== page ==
Anna Thompson was scrolling through Facebook one evening when a particular post made her pause. The post showed the picture of a young man named James who was in dire need of a liver transplant. The situation struck a chord with Anna.
“When I read James’ mother’s words, my heart went out to her because I could feel her desperation,” Anna recalled. “It mentioned that his sister had tried to donate but was unable. The next thing I saw was that our blood types matched.”
At this point, most of us would feel great sympathy for the situation and keep scrolling. But not Anna. Her mother’s heart wouldn’t let her because she has felt that same desperation.
Anna’s oldest son, Lake, was non-stop motion and best described as “all boy”. Whether shooting basketball, wrestling his little brother, or playing with friends, he was constantly moving until he suddenly began to slow down and complain of exhaustion. Since that was so abnormal, Anna took him to his pediatrician who quickly sent them to the hospital where he was diagnosed with acute myeloid leukemia (AML). Lake reached remission quickly but relapsed a year later. After a few rounds of chemotherapy, he needed a bone marrow transplant, which proved to be a problem.
“When Lake was ready for his transplant, we couldn’t find a match,” Anna said. “His doctors were able to use donated cord blood, but we knew that wasn’t ideal. Still, it worked for a time.”
Lake surged for a year. He got to go to camp, enjoy a Disney cruise, play hard, and meet his new little sister. He even signed a one-day contract with the Atlanta Hawks. But all the while, his cancer had regrouped and became too much for his tired body. Lake passed away on May 1, 2015.
“We miss him like crazy,” Anna said. “We take comfort in knowing that he is now cancer-free and perfect once again. But when I read that post, it made me think of my boy. I will always wonder whether Lake would still be here today if we had found a perfect match for him.”
Anna didn’t hesitate. She reached out to James’ transplant team to start the screening process. Testing to ensure a correct match can take several months, but Anna and James found out she was a perfect match in February. Overjoyed, James’ mother, Janice, contacted Anna to thank her and they made plans to meet just before the surgery.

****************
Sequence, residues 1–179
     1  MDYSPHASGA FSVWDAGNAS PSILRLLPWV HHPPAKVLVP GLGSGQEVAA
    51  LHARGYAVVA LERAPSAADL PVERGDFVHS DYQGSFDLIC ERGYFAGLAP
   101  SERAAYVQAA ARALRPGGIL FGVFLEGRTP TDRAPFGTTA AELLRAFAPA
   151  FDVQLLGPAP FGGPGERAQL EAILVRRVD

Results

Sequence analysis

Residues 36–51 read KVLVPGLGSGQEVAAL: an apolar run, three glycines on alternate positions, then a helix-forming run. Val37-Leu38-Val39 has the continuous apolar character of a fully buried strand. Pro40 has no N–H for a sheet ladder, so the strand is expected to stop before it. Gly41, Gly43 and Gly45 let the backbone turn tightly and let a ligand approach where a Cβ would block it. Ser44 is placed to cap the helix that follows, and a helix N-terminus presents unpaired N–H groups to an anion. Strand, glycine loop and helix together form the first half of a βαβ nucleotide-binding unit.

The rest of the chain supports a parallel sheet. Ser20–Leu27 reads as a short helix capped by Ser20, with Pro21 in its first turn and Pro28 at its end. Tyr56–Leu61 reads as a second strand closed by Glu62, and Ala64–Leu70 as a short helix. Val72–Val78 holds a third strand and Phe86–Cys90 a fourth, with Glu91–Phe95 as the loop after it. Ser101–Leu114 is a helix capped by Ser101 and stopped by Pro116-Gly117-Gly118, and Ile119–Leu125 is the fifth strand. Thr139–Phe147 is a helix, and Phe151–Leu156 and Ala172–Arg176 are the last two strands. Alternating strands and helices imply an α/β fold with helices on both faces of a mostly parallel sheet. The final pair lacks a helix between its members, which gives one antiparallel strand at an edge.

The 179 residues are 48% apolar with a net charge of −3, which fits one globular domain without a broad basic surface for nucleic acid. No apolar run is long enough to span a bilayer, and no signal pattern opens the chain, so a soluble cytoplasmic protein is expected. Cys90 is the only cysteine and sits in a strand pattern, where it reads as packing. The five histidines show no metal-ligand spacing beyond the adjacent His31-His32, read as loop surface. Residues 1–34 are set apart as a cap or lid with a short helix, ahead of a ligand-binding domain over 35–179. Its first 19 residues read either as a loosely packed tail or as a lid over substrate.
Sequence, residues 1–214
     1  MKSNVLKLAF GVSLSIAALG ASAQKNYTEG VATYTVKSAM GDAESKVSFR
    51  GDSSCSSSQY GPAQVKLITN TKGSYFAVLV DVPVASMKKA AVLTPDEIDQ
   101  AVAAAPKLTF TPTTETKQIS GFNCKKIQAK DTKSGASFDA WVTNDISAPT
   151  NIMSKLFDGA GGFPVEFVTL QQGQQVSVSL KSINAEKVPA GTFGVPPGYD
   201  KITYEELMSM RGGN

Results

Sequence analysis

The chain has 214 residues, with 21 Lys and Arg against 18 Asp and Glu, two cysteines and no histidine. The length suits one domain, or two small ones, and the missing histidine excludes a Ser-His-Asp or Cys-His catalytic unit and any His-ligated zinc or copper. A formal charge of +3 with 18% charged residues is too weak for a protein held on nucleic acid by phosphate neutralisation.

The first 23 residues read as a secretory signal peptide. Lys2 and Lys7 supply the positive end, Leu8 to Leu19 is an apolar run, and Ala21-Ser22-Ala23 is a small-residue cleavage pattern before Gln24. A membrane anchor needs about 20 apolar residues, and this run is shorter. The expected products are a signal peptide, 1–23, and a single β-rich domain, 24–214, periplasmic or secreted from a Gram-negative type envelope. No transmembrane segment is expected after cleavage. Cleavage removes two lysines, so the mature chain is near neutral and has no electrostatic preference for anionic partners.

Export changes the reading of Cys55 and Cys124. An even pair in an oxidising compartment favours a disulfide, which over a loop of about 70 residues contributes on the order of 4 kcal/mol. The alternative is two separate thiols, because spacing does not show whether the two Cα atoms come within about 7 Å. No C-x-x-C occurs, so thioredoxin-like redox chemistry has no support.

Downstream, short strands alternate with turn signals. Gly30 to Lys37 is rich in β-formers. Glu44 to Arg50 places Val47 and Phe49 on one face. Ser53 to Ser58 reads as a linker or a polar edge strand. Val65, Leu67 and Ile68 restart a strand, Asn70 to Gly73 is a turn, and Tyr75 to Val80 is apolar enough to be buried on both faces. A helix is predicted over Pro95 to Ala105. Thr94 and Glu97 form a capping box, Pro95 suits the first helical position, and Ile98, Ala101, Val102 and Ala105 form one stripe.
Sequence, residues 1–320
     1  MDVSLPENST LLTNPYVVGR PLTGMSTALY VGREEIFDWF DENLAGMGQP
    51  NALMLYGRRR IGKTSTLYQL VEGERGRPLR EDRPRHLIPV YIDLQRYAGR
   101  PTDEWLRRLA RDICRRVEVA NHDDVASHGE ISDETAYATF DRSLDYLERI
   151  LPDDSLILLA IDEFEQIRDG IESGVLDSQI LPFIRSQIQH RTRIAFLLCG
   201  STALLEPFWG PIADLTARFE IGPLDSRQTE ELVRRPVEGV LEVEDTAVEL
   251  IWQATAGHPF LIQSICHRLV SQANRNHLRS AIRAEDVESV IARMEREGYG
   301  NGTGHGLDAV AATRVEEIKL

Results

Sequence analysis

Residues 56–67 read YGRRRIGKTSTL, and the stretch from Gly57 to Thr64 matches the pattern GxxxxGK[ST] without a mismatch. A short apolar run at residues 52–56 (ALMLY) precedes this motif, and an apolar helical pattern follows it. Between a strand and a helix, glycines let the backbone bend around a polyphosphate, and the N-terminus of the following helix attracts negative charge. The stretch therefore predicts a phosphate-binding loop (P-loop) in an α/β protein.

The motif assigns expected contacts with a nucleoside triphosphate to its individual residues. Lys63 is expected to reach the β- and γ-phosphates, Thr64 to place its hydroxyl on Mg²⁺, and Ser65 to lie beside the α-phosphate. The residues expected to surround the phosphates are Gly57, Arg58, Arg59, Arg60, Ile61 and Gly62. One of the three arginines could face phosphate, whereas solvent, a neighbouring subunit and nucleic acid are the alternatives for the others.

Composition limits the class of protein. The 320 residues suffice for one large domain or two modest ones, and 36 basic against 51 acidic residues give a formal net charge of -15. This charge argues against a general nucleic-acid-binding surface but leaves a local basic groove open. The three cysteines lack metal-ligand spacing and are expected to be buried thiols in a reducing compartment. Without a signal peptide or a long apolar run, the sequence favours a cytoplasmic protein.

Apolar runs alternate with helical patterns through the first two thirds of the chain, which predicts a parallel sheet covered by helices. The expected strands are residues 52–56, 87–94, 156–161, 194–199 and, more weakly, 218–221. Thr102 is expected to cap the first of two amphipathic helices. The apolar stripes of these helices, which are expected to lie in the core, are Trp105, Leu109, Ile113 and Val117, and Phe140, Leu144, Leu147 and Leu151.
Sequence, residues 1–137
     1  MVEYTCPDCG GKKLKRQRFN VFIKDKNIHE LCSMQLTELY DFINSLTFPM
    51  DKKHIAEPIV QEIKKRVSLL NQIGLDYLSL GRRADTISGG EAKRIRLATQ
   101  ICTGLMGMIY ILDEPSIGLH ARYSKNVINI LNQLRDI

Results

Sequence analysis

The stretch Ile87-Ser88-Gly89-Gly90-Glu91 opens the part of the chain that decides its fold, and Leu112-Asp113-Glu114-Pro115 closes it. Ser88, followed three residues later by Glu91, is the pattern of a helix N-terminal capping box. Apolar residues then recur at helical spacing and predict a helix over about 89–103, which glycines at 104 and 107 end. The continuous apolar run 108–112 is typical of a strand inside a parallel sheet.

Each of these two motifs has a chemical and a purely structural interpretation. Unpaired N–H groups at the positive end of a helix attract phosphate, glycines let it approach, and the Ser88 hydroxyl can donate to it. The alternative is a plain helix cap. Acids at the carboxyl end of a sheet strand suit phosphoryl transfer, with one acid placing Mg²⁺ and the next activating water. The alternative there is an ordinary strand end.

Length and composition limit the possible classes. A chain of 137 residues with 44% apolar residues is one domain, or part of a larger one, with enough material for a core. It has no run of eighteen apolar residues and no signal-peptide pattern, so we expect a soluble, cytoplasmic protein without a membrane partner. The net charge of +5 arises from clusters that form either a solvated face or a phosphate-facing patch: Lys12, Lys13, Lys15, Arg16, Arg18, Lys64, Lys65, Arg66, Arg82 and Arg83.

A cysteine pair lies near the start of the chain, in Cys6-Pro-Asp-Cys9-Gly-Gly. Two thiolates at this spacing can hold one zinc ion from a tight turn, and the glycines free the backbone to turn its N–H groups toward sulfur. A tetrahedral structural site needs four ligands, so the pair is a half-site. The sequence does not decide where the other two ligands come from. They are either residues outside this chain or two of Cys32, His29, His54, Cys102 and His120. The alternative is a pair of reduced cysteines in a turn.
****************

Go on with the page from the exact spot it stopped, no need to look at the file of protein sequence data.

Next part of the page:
“His mother sent me their address and it turns out they live less than a mile away,” Anna shared. “They could have lived anywhere, and we were neighbors the whole time. Our families spent three hours together that Sunday and truly enjoyed the afternoon.”
James is a 22-year-old engineering student at Mercer who has a rare auto-immune disorder that attacked his liver. Like Lake’s cancer, this particular disorder is usually only found in people much older. He knew he would need a liver someday, but his quality of life was severely declining.
The transplant surgery took place on Valentine’s Day and was successful. Although recovery was difficult for both of them, Anna has no regrets about her decision.
“Surgery and recovery brought so much perspective to me,” Anna said. “When I started to hurt and feel a little sorry for myself, I realized that this is how Lake felt for more than three years and he still functioned and had a positive attitude. One of the biggest things I learned from Lake is that our life does not belong to us. It is meant to be shared to help others, inspire others, and love others. Lake did those things, so I’m doing my best to be just like him. I pray that this will inspire people to think of others more than themselves.”
And how does Janice feel about Anna?
“Anna is an angel,” Janice said. “It is overwhelming to receive such a gift – literally my child’s life. A lot of people offered sympathy and help, and many of our friends and family tested to see if they could donate. But Anna was the only one who said she could feel my desperation… because she had been there. While spending time with Anna and her family, I heard many heartfelt stories of Lake’s generous heart and ability to shine his inner light on others. Honestly, the Thompsons felt like family from that very first day we met, and I wish we had gotten the opportunity to meet Lake.”
Two days after surgery, James came to Anna’s room and he looked great. The jaundice that had been so noticeable just days before was gone. Anna and James have become friends with a special bond. She describes him as brilliant and very sweet, and she can’t wait to see what his future holds.
A future made possible by her mother’s heart.
** Anna and her family fight cancer in Lake’s memory through a named fund called United for a CURE. Together with two other families, they work tirelessly to fund research that will end pediatric AML.